JCC denied liability in this case and argued video surveillance footage of the accident showed Chris Moore, an AWR employee, acting as a flagman for the manlift. R. Doc. 158 at 7. Moore allegedly walked past Plaintiff, who was standing on the sidewalk at the corner of Poydras and South Peters Streets, and into Poydras Street, “getting into position to stop traffic on Poydras Street so the manlift can move into the street and down the block towards additional palm trees.” R. Doc. 158 at 7-8. Moore allegedly did not warn either Plaintiff that the manlift was approaching or Tyler, the manlift operator, that Plaintiff was in its path. R. Doc. 158 at 8. Accordingly, JCC asserted the accident was caused by Moore's failure to warn; Tyler's failure to make sure the path was clear; and Plaintiff's own negligence in failing to abide by a sign requesting pedestrians to cross the street to avoid the area and in failing to hear an alarm that sounded when the manlift was in motion. R. Doc. 158 at 8. Finally, JCC averred there was no credible evidence to support Plaintiff's allegation that it negligently hired AWR. R. Doc. 158 at 9. JCC claimed its employee checked several references before hiring AWR, and that contractors must provide a valid certificate of insurance before they can be approved as vendors for JCC. R. Doc. 158 at 9.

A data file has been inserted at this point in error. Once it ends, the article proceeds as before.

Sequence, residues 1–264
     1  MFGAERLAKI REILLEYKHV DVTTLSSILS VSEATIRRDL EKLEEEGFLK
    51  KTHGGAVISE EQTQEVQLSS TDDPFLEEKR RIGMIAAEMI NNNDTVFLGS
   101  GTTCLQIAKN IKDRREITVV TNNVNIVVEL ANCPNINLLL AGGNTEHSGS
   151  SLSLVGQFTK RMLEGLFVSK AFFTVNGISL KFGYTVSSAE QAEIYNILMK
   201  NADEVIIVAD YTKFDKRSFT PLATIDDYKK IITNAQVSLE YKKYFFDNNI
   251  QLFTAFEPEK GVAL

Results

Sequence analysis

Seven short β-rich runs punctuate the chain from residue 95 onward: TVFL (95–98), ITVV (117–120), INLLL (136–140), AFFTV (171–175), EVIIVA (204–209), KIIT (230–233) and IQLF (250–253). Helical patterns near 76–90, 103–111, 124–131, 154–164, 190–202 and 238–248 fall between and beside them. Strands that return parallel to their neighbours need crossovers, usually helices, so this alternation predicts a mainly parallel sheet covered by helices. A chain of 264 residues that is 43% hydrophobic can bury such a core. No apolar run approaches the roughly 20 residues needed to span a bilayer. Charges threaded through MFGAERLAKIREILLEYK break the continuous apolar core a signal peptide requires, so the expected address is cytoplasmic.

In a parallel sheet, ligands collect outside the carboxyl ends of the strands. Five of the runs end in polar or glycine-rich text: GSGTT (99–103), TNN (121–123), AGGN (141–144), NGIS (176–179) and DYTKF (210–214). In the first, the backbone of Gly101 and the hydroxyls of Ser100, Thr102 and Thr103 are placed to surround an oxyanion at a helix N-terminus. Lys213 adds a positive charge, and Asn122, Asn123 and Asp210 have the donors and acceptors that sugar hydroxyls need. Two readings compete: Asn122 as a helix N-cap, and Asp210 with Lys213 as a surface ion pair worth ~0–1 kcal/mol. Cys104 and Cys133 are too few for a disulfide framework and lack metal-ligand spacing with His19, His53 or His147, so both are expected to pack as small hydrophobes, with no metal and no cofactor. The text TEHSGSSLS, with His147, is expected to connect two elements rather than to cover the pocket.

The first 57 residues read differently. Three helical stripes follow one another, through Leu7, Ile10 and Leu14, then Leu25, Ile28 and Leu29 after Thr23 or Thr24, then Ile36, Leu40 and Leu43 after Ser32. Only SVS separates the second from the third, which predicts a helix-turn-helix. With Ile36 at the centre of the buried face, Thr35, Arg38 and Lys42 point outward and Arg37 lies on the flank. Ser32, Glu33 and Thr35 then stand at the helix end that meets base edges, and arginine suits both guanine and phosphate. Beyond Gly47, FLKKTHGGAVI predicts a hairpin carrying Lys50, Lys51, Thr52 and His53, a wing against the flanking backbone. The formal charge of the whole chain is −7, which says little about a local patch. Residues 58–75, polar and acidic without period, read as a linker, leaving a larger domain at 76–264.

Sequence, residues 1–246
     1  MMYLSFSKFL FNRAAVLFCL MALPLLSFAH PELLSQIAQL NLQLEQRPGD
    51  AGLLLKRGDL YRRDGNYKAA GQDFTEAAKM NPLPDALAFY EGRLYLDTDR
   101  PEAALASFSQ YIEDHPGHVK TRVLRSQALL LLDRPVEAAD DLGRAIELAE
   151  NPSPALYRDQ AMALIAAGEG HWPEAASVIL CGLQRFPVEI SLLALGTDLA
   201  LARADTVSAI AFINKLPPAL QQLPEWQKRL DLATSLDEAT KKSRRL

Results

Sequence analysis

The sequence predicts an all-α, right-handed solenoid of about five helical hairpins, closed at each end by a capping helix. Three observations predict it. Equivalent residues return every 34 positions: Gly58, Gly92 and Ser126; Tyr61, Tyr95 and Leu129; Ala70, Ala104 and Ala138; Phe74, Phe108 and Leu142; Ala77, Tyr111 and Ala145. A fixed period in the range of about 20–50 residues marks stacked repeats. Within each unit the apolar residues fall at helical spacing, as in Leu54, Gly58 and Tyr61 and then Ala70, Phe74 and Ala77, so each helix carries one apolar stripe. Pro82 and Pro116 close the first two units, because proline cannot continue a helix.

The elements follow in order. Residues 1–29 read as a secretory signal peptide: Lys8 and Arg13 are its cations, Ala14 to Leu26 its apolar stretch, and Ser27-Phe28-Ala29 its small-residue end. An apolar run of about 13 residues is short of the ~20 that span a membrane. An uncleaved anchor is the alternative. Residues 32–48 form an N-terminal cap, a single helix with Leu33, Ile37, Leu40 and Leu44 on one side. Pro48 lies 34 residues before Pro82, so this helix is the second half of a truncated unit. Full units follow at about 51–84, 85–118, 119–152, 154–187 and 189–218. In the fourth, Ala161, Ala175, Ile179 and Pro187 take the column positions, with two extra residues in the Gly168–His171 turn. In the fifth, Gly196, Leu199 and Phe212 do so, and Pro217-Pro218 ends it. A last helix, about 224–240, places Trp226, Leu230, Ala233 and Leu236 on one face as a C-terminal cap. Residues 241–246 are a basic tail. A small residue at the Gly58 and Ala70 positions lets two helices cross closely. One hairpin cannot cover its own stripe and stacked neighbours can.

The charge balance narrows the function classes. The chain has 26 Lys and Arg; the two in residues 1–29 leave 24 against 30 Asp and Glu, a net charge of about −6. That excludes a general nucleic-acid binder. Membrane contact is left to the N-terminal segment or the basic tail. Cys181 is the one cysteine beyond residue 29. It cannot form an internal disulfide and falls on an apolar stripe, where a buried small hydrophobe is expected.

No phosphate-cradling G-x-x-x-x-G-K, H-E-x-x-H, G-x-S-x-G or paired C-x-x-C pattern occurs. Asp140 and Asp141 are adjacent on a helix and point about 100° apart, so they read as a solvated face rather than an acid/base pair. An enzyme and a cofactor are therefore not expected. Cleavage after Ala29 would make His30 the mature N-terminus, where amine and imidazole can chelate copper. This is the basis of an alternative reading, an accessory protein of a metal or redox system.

B. Trial and Jury Verdict

         A jury trial for this case commenced on August 5, 2019. As part of Plaintiff's case-in-chief, she called Kerry Hoppe, a former employee of JCC; Rudolph Leonard, who provided some treatment to Plaintiff on the day of the accident at the site of the accident; David Stuart, a former JCC employee who negotiated the contract with AWR in his capacity as the Director of Business Process Improvement, via video deposition; Garet Smitherman, Vice President of Operations of the Better Business Bureau of Central and South Alabama, via video deposition; Dr. Robert Zura, an expert in the field of orthopedic surgery and orthopedic trauma; Russell Deaver, a current employee of JCC; Jonathan Gardner, an employee of JCC who familiar with the company's sourcing operation, via video deposition; Pat Maher, a current employee of JCC and the corporate representative; Richard Tyler, a former employee of AWR and the manlift operator in this incident, via video deposition; Victoria Echeverry, Plaintiff's mother; Plaintiff herself; and Cara Hall, current employee of Caesars Entertainment, the parent company of JCC.